The River Dean marks the post-1974 county boundary between Cheshire and Greater Manchester. The A5102, Wilmslow Road, crosses the river at the Deanwater bridge. It was at the crossing that James Andrew of Compstall Bridge built the Dane Water calico printing mill in 1837, possibly on the site of an earlier calico printing mill. Deanwater House was built as the manager's house. The mill closed in 1848. It was bought and resold to the Davenports on the conditions that it was demolished. It was a sizeable concern employing 172 people, of which half lived in the parish of Woodford. It was driven by water with a supplementary 25 hp steam engine. It burnt down in 1851.
|Adults over 21||Youngsters 13-18||Children under 13||Total|
James Andrew built up to 40 cottages for his workforce on King Street, and showed in interest in the building of the parish church of Christ Church. Christ Church was built in 1841 but not consecrated until 29 July 1872. The Methodist Chapel, Dean Row, on the other bank of the River Dean was opened in 1839. There was a Baptist chapel in Woodford.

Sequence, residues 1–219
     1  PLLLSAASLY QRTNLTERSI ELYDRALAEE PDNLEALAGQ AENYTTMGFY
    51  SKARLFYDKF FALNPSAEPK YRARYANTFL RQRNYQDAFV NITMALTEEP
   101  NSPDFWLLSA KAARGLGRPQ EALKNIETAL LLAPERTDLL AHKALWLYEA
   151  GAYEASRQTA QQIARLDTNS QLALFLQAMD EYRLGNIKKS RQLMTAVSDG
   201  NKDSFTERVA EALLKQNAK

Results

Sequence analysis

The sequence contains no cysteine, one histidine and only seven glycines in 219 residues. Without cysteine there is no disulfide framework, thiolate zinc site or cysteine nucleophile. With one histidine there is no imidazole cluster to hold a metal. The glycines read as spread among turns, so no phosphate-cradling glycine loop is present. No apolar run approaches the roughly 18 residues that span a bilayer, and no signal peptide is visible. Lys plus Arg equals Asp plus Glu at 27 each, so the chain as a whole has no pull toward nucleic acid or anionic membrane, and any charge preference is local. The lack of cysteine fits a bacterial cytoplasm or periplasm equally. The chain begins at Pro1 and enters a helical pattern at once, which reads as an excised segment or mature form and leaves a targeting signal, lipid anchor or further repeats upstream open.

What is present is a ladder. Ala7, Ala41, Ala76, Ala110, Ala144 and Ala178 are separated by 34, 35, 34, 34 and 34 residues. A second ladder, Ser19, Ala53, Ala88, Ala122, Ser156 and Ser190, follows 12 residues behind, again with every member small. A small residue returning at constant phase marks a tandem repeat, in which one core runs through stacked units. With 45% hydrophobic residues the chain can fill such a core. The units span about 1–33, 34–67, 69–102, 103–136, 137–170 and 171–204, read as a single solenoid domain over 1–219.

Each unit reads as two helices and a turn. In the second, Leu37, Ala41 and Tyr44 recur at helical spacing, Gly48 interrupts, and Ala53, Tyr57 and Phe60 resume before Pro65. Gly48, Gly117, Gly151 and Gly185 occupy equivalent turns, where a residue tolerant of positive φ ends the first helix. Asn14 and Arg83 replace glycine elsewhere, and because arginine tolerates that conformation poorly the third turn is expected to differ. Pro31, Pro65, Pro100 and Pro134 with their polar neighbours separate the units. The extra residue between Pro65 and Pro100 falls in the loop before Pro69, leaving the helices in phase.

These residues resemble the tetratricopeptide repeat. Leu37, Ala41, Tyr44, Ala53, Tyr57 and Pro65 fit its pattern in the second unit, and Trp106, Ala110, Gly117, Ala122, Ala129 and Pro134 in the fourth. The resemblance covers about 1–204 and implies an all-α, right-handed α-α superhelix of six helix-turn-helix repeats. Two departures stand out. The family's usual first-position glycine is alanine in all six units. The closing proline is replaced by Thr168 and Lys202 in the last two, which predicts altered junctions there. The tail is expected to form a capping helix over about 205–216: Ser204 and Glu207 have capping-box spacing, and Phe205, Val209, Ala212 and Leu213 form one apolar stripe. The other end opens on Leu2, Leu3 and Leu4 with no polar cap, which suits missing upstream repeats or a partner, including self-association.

A school was built in 1847 at the instigation of the Bromley-Davenport family. It was a junior school. The senior school, for the few who went, was in Wilmslow. The population of Woodford in 1848 was 564.
Deanwater house continued to have textile connections. Robert Platt was living at Deanwater in 1851. He was a cotton spinner from Stalybridge, who used to host annual parties for his 900 operatives and families, laying on a special train to bring them. Robert Platt moved to Dunham Massey Hall. James Butler Kelly lived in Deanwater around 1881. He had been born in Wakefield, Yorkshire and was the Bishop of Newfoundland. Then in 1891, Charles Edmondson, an engraver, and his family were the occupants of Deanwater. This calico printer had a wife and four children and employed four servants. Deanwater is now a hotel.
Woodford Aerodrome is a factory and large airfield south of the village. The airfield was created from farmland by Avro during late 1924 following their eviction from Alexandra Park in Manchester. The first recorded air display was in 1925. Avro became a part of the Hawker Siddeley Group in the mid-1930s, and several new buildings were erected prior to the start of the Second World War. The major project during the mid-1930s to early wartime was the building of many thousands of twin-engined Avro Ansons for use as patrol aircraft, trainers and light transports.